THE EMERGENCE OF PANDISCIPLINARITY
Having been founded three years after Columbus ‘discovered’ America, the University of Aberdeen celebrated its quincentenary in 1995. This encouraged associates of the Centre for Russian, East and Central European Studies to look at the area of its prime interest in a long chronological perspective as well as a wider context. For this purpose, we adopted a conceptual framework first devised in ancient Greece and then revived in the Renaissance of the fifteenth and sixteenth centuries – the three unities of time, place and action. Action was used in the sense that Aristotle had applied to drama: ‘It is necessary, then, just as in other imitative arts there is one imitation of one thing, that the plot, being an imitation of the action, should be concerned with one thing and that a whole, and that the parts of the action should be put together that if one part is shifted or taken away the whole is deranged and disjoined, for what makes no perceptible difference by its presence or absence is no part of the whole.’ The other two unities were noted in the eighteenth century by, among others, the Aberdonian philosopher Thomas Reid: ‘Created things have their particular place in space, and their particular place in time.’ However, he continued: ‘time is everywhere, and space at all times’, thus emphasising the need for a guiding principle. In the late twentieth century, for this purpose, we expressed the hope ‘to move beyond interdisciplinarity towards pandisciplinarity, to attempt to recapture some of the comprehensive nature of enquiry associated with the Renaissance at the time of the university’s foundation in 1495, or with the Enlightenment during its development in the eighteenth century.’ We attempted under this broad heading to include such ideas as Chaos, Complexity, Gaia and Post-Modernism. (Paul Dukes, Cathryn Brennan, Xenofont Sanukov, Jean Houbert, Time, Place and Action: Quinquennial Perspectives on Russia, East and Central Europe, Aberdeen: Centre for Russian, East and Central European Studies, 1996).
In succeeding years, we used the concept in a number of ways, for example in an article of 2002 examining intellectual development in the Soviet 1920s: ‘October in the Mind: The Russian Revolution, Freidizm and Pandisciplinarity.’ (Revolutionary Russia, vol. 18, no. 1, 2002, 1-23). But it was not before reading the seminal article by Paul J. Crutzen and Eugene F. Stoermer, ‘The Anthropocene’ (IGBP (International Geosphere-Biosphere Programme) Newsletter 41), that we developed a new focus, set out in Minutes to Midnight: History and the Anthropocene Era from 1763, Anthem, London, 2011. The book asserts that the study of history should be scientific – that is rational, global and evolutionary, taking its place among other sciences –humane, social and natural – in a pandisciplinary approach to humanity’s present predicament. It differs from most other approaches to the subject in its emphasis on application rather than explanation. In other words, rather than asking: what is history?, it attempts to answer the question: how can history be of use in today’s crisis?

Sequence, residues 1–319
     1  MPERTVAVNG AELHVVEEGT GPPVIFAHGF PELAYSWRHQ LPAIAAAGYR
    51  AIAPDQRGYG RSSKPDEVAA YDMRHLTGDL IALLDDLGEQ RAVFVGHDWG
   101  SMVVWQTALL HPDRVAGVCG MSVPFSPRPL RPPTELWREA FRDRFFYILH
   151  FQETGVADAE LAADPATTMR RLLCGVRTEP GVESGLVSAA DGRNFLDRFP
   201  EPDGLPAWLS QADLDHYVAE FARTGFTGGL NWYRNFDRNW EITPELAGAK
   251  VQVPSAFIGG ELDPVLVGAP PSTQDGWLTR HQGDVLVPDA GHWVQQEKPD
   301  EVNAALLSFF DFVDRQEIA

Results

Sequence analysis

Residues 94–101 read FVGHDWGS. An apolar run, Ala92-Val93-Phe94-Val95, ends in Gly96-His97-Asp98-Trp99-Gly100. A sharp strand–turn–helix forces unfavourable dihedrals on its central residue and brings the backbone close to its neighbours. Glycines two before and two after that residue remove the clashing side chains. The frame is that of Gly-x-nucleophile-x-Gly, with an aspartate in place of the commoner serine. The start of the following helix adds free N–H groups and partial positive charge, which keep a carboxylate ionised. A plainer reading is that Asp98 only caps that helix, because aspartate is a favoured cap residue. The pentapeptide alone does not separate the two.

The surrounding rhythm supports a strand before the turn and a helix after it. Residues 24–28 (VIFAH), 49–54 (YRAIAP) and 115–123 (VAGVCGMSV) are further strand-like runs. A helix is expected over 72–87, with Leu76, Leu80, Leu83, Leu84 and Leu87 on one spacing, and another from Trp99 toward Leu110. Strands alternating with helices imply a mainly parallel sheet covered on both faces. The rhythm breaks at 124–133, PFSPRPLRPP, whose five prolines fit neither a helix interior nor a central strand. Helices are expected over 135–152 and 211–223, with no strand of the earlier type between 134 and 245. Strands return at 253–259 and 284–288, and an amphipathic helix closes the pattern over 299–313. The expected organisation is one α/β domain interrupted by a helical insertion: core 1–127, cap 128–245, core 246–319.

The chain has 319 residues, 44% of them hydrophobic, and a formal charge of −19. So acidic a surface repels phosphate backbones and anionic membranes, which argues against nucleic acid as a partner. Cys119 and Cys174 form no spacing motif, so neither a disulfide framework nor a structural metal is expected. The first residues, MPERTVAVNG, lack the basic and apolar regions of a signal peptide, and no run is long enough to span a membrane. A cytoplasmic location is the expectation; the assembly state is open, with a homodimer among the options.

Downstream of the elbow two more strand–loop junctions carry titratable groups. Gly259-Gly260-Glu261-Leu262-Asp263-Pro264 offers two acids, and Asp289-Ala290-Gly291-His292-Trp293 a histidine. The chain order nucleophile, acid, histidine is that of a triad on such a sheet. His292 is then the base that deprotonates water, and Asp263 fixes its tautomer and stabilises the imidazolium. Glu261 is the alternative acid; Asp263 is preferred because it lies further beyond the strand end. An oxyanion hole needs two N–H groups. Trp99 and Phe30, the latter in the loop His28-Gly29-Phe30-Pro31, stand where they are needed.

The concept of pandisciplinarity was far from emerging in Aberdeen alone. For example, John R. Hall, Professor of Sociology at Davis, California brought it into his book Cultures of Inquiry: From Epistomology to Discourse in Sociohistorical Research, Cambridge: CUP, 1999, in particular pp. 173, 179, 259-61. In a chapter entitled ‘Discursive hybrids of practice: an introductory schema’, Hall has a section devoted to ‘The pandisciplinarity of inquiry.’ He notes that in the three decades concluding the twentieth century, historians and sociologists have sought ‘to define an enterprise shared by the two disciplines.’ He argues that ‘the pandisciplinarity of inquiry identifies commonalties in an enormous array of scholarship, ranging across literary and cultural studies in the conventional humanities, divergent approaches to the study of history (“social history,” “cultural history,” “oral history,” etc.) and the conventional social sciences – divided by disciplines (economics, geography, etc.) but united both by shared substantive interests (markets, colonization, culture, etc.) and by shared practices across disciplines, from ethnography to statistical analysis.’ Hall criticizes the concept of the two cultures advanced by C.P. Snow as ‘culturally arbitrary’ and advances that of the Third Path taking us ‘beyond merely parochial assertions about the supposed superiority of any particular local method.’ His approach ‘identifies limits to any quest for a single, objective social science, much less a “science of history” via social theory.’ Hall concludes: